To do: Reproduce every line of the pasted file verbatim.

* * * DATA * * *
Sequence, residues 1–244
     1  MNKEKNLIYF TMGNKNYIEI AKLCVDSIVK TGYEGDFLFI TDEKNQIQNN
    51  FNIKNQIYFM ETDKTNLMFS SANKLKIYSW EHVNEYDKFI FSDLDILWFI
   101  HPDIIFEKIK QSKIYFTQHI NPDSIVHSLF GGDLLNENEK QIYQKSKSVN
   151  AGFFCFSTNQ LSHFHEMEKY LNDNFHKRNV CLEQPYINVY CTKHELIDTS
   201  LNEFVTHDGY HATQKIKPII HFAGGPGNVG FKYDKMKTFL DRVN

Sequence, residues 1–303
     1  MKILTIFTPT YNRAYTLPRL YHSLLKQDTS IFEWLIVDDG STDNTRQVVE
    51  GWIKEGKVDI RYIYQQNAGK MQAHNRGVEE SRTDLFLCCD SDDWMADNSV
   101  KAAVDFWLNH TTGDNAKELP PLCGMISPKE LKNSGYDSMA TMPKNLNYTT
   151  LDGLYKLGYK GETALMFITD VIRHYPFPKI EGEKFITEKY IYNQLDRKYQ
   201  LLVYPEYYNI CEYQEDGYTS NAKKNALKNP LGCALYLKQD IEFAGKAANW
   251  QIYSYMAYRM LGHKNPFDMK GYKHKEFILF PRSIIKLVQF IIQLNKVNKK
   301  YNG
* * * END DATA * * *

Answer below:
Sequence, residues 1–244
     1  MNKEKNLIYF TMGNKNYIEI AKLCVDSIVK TGYEGDFLFI TDEKNQIQNN
    51  FNIKNQIYFM ETDKTNLMFS SANKLKIYSW EHVNEYDKFI FSDLDILWFI
   101  HPDIIFEKIK QSKIYFTQHI NPDSIVHSLF GGDLLNENEK QIYQKSKSVN
   151  AGFFCFSTNQ LSHFHEMEKY LNDNFHKRNV CLEQPYINVY CTKHELIDTS
   201  LNEFVTHDGY HATQKIKPII HFAGGPGNVG FKYDKMKTFL DRVN

Sequence, residues 1–303
     1  MKILTIFTPT YNRAYTLPRL YHSLLKQDTS IFEWLIVDDG STDNTRQVVE
    51  GWIKEGKVDI RYIYQQNAGK MQAHNRGVEE SRTDLFLCCD SDDWMADNSV
   101  KAAVDFWLNH TTGDNAKELP PLCGMISPKE LKNSGYDSMA TMPKNLNYTT
   151  LDGLYKLGYK GETALMFITD VIRHYPFPKI EGEKFITEKY IYNQLDRKYQ
   201  LLVYPEYYNI CEYQEDGYTS NAKKNALKNP LGCALYLKQD IEFAGKAANW
   251  QIYSYMAYRM LGHKNPFDMK GYKHKEFILF PRSIIKLVQF IIQLNKVNKK
   301  YNG